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Hey mister, what's your story?

Do as you're told and you won't get soaked.

You're busy choosing cauliflower and carrots when you hear the request. "Please stand back. Misters are about to start."


Gene Kelly belts out: "Singing in the rain, just singing in the rain. What a glorious feeling, I'm happy again."

As Kelly serenades, a light drizzle covers the veggies and if you ignore the warning, your hands and arms are doused. You're a victim of Kash n' Karry's vegetable misting system.

As a way to warn shoppers of incoming HO, every seven minutes Kelly sings, or a clap of thunder explodes. The fun and frolic with food is over in about 20 seconds, and if you took a few steps back, there's no water damage.

"The first time they hear it they are shocked and just stand back and watch," says Tim Mitchell, produce manager of the store at Fletcher and Florida. "They go, "Ah that's really cute,' especially old ladies. They love it."

So far, the lo-tech misting system is in 35 Kash n' Karry stores, mostly in Pinellas and Hillsborough counties but eventually all the stores will be spritzing sprouts.

"Whoever thought that up _ that was a pretty good idea," says shopper Paul Greely.

But, does the damp ditty make him dance?

"Well, I just did a little step around the corner when it came on," he says.

Young athlete came to play

TAMPA _ On your mark, get set, crawl!

After weeks of intense training, strict diets (formula, really) and constant napping, the babies were ready to race. Though the competition was fierce, it was the caravan of strollers and parade of parents with video recorders who proved to be the real obstacle course for the tiny athletes.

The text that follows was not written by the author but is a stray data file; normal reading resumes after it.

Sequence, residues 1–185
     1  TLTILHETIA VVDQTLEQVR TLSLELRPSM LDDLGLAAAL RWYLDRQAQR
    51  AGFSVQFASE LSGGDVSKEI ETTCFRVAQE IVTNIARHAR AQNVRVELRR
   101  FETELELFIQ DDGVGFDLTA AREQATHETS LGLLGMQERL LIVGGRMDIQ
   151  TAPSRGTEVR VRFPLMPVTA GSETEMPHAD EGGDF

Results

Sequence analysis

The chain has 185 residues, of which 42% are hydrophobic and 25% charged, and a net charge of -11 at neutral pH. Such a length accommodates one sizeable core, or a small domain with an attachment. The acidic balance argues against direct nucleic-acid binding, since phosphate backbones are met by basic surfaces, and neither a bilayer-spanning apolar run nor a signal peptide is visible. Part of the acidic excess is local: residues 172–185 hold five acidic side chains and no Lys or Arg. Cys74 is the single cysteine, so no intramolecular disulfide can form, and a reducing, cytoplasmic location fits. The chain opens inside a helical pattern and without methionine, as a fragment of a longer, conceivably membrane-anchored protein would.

Saturday, as the big-time Olympic competition was under way in Atlanta, Tampa Bay babies battled it out on a carpeted 20-foot long track inside Tampa Bay Center.

For some, the Diaper Derby was easy. Their chubby knees propelled them victoriously to the waiting arms of Mom and Dad. But others needed a bribe to make it to the finish line. Parents enticed racers with everything from jingling keys to pacifiers and bananas.

Dressed in his red, white and blue Olympic-design romper, Patrick Pedraja of Oldsmar was ready to rumble.

"We have been in training," Patrick's aunt Adrienne Andrews said. She, along with Patrick's mom, Claudine Pedraja, had Patrick practicing his waddling technique a week before the games.

"He's been following his training diet. Carbo loading on rice and bread," Andrews said.

Though he raced for the gold, 14-month-old Patrick finished second in his heat.

"Our training plans failed," Pedraja said. "He was supposed to take a nap today before the race and it didn't happen."

Something for Olympic super sprinter Michael Johnson to consider: It's all in the nap.

Playing patriot games

We're red, white and blue . . . how about you? Have the summer picnics, Olympic torch bearers and basketball Dream Team made you feel a little patriotic lately? Have you felt moved to do anything All-American or buy and red, white and blue products? Let us know about it and you might be in the Monday Journal. Call Pamela Davis at 893-8355 or send a fax at 893-8673 or e-mail to